Trump has gutted the State Department and failed to fill key science advisory posts, leaving the U.S. in a weak position ahead of talks with North Korea.
Trump's disdain for science, diplomacy, and expertise in general has left the U.S. at a major strategic disadvantage heading into this week's nuclear talks with North Korea.
We all know Trump is unprepared for the talks — he even bragged about it last week — but less well known is the fact that he doesn't have a team of experts working behind the scenes to make sure things don't go off course.
As the New York Times recently highlighted, Trump will take on the task of negotiating denuclearization with North Korea "without the help of a White House science adviser or senior counselor trained in nuclear physics."
The position of White House science adviser was created during World War II to inform policy on everything from nuclear warfare, to infectious disease outbreaks, according to the Times. Trump is the first president since 1941 not to fill the position, the Times also noted.
Since Trump hasn't nominated anyone for the position, the post fell into the lap of a 31-year-old politics major who has never studied science and whose most recent job was as chief of staff for Trump ally and venture capitalist Peter Thiel.
"I don’t think there’s ever been a time in the post-World War II period where issues as important as nuclear weapons are on the table, and there is no serious scientist there to help the president through the thicket," Michael Oppenheimer, a professor of geosciences and international affairs at Princeton, told the Times. "This reverberates throughout policy."
But the lack of expertise in the Trump White House is only half of the problem.
Not only will Trump head into talks with North Korea without seasoned officials to help him — he'll also be facing off against a world leader who has a team of people tasked with making sure North Korean interests are front and center, putting the U.S. at a serious tactical disadvantage.
"You need to have an empowered senior science adviser at the table," said R. Nicholas Burns, who led negotiations on nuclear issues during the George W. Bush administration. "You can be sure the other side will have that."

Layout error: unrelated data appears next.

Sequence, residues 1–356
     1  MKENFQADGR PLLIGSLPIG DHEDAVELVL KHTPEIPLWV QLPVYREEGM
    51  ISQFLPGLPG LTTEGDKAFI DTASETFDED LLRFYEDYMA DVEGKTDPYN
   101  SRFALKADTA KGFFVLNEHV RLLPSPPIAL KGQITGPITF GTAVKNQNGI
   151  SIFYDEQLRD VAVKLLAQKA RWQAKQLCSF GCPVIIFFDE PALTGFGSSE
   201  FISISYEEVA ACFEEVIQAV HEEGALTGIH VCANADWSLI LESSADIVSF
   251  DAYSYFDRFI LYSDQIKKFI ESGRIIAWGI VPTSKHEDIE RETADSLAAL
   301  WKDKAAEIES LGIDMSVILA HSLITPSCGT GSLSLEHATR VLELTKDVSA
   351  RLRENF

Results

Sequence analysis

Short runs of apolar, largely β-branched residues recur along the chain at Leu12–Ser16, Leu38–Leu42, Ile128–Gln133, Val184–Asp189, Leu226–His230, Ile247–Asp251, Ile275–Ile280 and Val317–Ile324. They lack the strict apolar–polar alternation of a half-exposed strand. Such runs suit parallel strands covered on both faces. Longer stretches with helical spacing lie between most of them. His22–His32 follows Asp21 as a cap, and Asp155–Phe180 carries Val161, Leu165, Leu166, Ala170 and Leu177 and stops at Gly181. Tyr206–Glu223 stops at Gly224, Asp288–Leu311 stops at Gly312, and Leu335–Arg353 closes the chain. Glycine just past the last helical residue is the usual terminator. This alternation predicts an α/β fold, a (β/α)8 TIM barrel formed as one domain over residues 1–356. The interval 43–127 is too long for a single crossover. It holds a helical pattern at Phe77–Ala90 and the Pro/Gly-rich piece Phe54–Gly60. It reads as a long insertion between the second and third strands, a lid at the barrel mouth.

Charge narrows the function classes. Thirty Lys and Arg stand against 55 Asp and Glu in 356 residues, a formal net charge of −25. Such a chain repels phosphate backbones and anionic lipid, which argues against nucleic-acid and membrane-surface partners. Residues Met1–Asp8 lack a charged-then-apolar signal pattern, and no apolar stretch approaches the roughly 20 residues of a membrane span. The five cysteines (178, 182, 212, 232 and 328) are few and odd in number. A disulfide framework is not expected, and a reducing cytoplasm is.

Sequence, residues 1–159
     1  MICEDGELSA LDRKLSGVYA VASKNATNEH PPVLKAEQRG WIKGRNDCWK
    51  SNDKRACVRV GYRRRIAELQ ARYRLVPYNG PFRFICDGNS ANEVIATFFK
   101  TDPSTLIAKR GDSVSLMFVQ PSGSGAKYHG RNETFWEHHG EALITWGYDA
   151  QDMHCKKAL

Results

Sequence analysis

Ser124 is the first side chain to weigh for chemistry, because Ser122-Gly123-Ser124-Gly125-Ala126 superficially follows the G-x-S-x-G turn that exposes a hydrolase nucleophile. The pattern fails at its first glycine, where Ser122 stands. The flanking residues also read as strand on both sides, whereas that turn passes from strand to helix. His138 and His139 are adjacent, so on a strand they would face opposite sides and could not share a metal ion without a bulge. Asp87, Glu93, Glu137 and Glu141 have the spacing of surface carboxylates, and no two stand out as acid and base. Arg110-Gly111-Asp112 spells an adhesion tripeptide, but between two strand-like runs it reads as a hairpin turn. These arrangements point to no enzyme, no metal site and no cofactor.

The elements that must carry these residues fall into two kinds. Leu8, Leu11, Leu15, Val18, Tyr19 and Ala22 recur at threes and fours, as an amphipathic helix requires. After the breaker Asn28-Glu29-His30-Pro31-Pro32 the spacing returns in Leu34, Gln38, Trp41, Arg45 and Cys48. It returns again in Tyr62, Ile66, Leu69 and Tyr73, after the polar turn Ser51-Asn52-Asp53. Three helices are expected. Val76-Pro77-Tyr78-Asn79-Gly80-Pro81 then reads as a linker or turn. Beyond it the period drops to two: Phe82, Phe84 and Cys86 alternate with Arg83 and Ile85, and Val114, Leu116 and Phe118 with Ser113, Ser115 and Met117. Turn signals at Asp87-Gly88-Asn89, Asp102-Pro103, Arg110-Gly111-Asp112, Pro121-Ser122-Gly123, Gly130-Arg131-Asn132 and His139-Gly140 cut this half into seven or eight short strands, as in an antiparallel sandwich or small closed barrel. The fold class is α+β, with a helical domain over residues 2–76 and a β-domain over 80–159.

The problem also extends beyond the White House.
Trump has effectively gutted the State Department, leaving vacancies in critical diplomatic positions dealing with everything from nuclear nonproliferation and arms control to North Korea policy.
The top U.S. diplomat in charge of North Korea policy resigned in February and has not been replaced. Last month, the State Department's top nuclear expert resigned after Trump killed the Iran nuclear deal, leaving another critical position vacant.
Trump’s pick for ambassador to South Korea withdrew his name from consideration in January because of disagreements with the administration’s policies. So that position, too, remains vacant.
Other key State Department posts left vacant include the special adviser on nonproliferation and arms control, the special envoy for North Korean human rights issues, the special representative on nuclear nonproliferation, and the coordinators of U.S. sanctions policy and threat reduction programs.
These positions are not just formalities — they exist for a reason, and leaving them vacant means the U.S. is in a weaker position on the global stage.
"There is going to be the requirement for trade-offs" during discussions with North Korea, said Ernest J. Moniz, a nuclear physicist who led the Energy Department and oversaw the nation’s nuclear weapons arsenal during the Obama administration.
"[T]hat judgment is best made by people with technical expertise who are also very senior politically," Moniz said. "That just does not exist in this administration."
Trump can say all he wants about putting America first, but his actions tell the real story. He's not putting America first. He's not even giving American interests a seat at the table.
But while Trump is going into the talks woefully unprepared, there's one person who isn't: Kim Jong Un. And you can be sure he's well prepared for Trump's unpreparedness — and well positioned to take advantage of America's disadvantaged position at the bargaining table.
Published with permission of The American Independent Foundation.